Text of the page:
At 29, free yourself, don't get saddled with something you can't quickly let go of. Life is full of trappings, no need to put your head thru a snare you set yourself.

You'll be welcomed aboard many a boat with a good personality and youthful energy. You probably will find a boat going somewhere you want to visit without much effort or wait.

I am sorry for your, and your wife's loss, to be young and face death is unfair, to have to accept it is unjust. I have lost many people over my career, those I could not pull back from the edge no matter how hard I and others tried. In the elderly there is some solace, in youth there is none.
"We can choose what we learn but have little or no control over what we forget, fill your head carefully" Dr. R
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Old 25-01-2021, 11:11   #64
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Re: Cruising Advice for a Widower

My wife also died of stage 4 breast cancer. The best advice I got was slow down a bit. Take it easy. Donít make any big decisions. I was like you ready to leap out there. But I took the advice to heart.
Since then (15 years now) I have done many more offshore trips. Initially on others boats. More recently on my own boats.
Taking the time out was great advice.
Maybe you could consider crewing. There are so many opportunities out there. And you can then get to grips gradually with the offshore cruising life and work out what suits you best. And you will meet a variety of people. Maybe even meet a new partner. I did.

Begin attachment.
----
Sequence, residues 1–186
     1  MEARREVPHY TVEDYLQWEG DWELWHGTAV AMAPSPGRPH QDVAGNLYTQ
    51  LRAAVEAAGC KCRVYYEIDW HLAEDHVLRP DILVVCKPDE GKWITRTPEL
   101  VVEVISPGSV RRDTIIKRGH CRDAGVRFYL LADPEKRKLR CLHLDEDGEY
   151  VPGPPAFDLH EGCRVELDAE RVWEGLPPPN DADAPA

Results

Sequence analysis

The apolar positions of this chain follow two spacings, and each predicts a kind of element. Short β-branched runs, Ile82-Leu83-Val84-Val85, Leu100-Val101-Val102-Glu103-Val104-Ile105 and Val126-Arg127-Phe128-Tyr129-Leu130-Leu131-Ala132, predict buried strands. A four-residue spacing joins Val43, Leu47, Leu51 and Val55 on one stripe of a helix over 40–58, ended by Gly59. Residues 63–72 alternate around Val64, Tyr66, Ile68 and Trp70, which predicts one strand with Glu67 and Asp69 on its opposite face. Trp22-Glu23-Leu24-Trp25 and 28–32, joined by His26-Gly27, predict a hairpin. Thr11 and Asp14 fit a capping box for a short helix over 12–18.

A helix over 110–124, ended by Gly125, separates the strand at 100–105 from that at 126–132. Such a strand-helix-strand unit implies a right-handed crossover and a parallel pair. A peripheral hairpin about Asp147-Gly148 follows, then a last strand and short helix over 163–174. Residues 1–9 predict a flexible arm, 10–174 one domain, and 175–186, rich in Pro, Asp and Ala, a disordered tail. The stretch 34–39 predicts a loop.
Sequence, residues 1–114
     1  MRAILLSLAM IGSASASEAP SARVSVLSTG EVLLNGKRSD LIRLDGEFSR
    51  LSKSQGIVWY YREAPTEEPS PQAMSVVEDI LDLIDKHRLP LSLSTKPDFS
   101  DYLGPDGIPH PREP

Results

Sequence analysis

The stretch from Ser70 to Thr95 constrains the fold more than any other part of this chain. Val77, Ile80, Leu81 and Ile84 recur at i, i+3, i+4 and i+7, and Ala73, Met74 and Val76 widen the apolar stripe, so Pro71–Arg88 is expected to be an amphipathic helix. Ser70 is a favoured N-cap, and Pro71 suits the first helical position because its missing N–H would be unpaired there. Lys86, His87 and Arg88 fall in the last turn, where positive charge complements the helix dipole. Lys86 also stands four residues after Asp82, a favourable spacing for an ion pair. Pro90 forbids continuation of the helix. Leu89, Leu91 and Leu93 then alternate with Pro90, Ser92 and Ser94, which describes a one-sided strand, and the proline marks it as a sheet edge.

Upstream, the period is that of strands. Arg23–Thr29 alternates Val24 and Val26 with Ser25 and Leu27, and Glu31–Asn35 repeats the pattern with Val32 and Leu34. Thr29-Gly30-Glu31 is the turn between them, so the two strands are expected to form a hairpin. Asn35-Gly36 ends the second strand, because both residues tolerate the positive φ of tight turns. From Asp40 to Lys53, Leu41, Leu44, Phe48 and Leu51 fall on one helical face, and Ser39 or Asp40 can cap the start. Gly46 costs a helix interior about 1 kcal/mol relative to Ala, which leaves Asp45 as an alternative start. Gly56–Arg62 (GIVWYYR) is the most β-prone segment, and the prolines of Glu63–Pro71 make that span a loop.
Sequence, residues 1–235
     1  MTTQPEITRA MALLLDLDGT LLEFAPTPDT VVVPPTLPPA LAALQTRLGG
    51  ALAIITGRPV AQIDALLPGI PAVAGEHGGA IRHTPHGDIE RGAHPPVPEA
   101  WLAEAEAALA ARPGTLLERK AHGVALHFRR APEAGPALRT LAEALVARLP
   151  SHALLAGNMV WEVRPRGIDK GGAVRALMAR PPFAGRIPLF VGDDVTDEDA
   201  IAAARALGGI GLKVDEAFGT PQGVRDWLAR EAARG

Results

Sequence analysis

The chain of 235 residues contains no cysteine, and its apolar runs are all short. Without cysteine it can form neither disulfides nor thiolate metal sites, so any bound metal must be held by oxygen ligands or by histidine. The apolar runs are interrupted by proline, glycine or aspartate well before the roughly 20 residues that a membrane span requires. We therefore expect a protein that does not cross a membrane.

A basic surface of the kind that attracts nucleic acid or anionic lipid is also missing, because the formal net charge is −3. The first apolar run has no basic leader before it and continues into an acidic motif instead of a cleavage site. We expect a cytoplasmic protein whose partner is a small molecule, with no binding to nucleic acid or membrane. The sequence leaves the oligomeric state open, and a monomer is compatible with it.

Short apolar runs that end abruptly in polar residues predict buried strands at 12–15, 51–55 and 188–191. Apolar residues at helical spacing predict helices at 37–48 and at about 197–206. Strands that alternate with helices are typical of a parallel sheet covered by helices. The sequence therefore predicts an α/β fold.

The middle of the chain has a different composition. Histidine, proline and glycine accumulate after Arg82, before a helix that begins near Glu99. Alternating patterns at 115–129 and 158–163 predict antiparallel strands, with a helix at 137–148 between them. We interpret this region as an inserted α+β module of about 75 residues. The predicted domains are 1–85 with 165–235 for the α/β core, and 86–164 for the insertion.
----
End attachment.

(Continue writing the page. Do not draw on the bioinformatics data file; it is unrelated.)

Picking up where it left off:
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Old 25-01-2021, 11:18   #65
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Re: Cruising Advice for a Widower

Not of you budget you want to spend but I found two 31’ Island Packet sail boats. One asking $50k and one asking $40k on the East Coast. That 31’ IP will get you anywhere and are a solid boat. The two boats were on Yachtworld, go there and search Island Packet 29’-32’ in the 70’s and 80’s you’ll find them, one listed below.
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Old 25-01-2021, 12:33   #66
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Re: Cruising Advice for a Widower

You are 29. You can start out with coastal sailing, or in your case sailing up the the Alaska panhandle juneau and surrounding area for the summer of this year and the puget sound. Then hoop down the Pacific coast to Oxnard area. You will have the chance to find a sailing companion or two. Then Decided of you are heading to Hawaii or the Marquesas
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Old 25-01-2021, 12:53   #67
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Re: Cruising Advice for a Widower

Sorry for your loss. Ive been there, its hard, but it gets better with time.

Your plan is not unrealistic, but first learn to sail rather than focussing on buying a boat. You dont need to own a boat to do that. In fact, you dont need to own a boat to circumnavigate. Build some solid experience and you will have more sailing opportunities than you can take (I've had to turn down trips totalling about 25% of a circumnavigation just for 2021 so far).
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Old 25-01-2021, 13:06   #68
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Re: Cruising Advice for a Widower

You've received a lot of advice, a lot of it bad.
If you want to take the cruise to die at sea, jump right into it!
Do you have a captains license and can navigate when your electronic go out?
Do you have wind and solar generators?
Do you have a water maker?
How well do you know your Diesel engine, simple repairs?
Single handing is okay but not as much fun as having someone hearing your berth!
Do you have skills to make money while on the hook?